Although the CBO estimates for implementing S. 969 can be used as a baseline for
determining the cost impact of NMHPA, they must be updated to reflect the enactment in several
additional States of laws or regulations meeting the criteria specified in NMHPA and for the
elimination of post-delivery follow up care. Adjusting the CBO estimates for 28 States that had
laws that met the criteria specified in NMHPA at the time of NMHPA’s enactment, reduces the
number of people directly affected by NMHPA. Approximately 60 percent of people covered by
insured ERISA plans and therefore subject to State laws, are in the 28 States that had enacted
laws prior to NMHPA.
With fewer people affected, the assumed increase in utilization is also lower, which should
translate into a smaller increase in aggregate health care costs. However, as discussed previously,
S. 969 had a provision for follow-up visits in place of an additional inpatient day. CBO assumed
that about one-third of the additional utilization would be follow-up visits, and that the cost of a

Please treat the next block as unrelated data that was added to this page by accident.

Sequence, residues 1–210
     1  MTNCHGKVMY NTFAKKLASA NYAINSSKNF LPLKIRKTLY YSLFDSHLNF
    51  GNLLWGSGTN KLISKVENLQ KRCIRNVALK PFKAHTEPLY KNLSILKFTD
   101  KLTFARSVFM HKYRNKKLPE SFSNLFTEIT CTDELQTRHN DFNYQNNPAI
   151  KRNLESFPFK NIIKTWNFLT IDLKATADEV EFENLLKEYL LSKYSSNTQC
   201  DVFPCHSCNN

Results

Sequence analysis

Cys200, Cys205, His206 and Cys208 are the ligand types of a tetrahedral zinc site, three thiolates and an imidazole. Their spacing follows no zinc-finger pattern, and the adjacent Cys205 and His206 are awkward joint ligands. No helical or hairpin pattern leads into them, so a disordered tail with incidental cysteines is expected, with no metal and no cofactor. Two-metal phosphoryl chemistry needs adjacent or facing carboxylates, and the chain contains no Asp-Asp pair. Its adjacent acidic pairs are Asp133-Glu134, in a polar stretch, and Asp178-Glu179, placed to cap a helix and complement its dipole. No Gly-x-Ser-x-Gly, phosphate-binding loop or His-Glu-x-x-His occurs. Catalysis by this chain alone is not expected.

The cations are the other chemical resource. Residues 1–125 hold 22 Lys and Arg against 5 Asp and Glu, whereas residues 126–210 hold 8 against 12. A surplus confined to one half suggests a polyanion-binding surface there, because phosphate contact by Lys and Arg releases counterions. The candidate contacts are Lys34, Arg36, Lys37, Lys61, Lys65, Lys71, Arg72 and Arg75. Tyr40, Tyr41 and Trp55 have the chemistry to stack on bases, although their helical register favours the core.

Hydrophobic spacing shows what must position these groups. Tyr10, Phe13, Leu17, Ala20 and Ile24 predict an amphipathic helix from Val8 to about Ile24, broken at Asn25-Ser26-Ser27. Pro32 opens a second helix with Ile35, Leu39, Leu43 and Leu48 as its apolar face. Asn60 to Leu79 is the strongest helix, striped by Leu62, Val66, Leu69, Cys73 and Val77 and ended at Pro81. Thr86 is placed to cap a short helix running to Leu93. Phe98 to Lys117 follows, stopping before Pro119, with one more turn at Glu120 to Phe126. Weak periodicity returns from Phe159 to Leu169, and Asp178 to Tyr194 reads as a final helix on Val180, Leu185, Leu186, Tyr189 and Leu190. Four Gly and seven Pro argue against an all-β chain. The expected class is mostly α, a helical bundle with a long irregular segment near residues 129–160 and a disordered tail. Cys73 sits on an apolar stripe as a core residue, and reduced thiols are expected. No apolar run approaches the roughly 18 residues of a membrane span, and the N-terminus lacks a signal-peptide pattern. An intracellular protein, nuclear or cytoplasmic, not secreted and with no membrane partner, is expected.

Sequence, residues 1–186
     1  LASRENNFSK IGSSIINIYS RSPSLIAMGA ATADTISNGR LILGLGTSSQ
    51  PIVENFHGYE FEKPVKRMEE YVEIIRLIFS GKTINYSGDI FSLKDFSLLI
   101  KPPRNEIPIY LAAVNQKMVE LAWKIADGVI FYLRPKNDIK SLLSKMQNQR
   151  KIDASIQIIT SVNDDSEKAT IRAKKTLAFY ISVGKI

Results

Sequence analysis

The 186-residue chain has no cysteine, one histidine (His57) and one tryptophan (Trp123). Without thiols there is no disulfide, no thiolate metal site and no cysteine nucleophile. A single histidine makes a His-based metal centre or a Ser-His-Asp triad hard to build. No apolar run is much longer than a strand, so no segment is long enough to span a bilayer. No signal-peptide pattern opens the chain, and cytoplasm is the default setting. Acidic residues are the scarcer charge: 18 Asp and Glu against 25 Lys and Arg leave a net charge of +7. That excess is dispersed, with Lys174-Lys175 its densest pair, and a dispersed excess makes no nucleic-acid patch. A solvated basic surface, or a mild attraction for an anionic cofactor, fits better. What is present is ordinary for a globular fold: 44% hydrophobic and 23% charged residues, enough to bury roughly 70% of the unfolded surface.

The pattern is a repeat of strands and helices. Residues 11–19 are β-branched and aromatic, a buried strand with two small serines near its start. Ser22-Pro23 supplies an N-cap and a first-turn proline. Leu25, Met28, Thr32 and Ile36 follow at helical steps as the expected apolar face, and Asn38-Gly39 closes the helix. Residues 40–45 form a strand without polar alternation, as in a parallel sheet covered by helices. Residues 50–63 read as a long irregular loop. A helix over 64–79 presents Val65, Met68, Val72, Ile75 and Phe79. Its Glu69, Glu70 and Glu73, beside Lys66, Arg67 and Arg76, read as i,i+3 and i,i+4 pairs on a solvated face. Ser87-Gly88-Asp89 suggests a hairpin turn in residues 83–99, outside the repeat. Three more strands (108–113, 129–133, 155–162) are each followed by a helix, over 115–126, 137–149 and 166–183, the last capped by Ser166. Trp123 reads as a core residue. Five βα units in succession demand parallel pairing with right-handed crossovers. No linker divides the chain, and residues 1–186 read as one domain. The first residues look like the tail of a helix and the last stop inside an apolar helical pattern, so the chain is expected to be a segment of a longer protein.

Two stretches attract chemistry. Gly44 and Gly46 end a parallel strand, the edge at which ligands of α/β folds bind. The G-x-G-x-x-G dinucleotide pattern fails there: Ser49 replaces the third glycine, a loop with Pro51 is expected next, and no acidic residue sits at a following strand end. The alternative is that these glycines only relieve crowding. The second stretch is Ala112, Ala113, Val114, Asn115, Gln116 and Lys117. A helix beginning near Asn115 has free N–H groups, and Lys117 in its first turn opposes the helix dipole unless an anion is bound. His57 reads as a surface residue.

follow-up visit is only about one-fourth the cost of a post-delivery hospital day.
Based on those assumptions, if all of those who would have chosen a follow-up visit under
S. 969 elected to remain in the hospital for an additional day, the estimated aggregate increase in
insured costs would be 0.07 percent, slightly higher than the CBO estimate. If, however, mothers
and physicians determine that some of the follow-up care is unnecessary, and that less than the
minimum hospital length of stay is necessary, some of the additional costs will not be incurred. If
none of the follow-up visits were converted to additional inpatient days, the estimated aggregate
increase in insured costs would be 0.04 percent. Therefore, the impact of NMHPA on insured
costs is in the 0.04 to 0.07 percent range, or $130 million to $200 million (1996 dollars).
It should be noted that since the enactment of NMHPA, twelve additional States have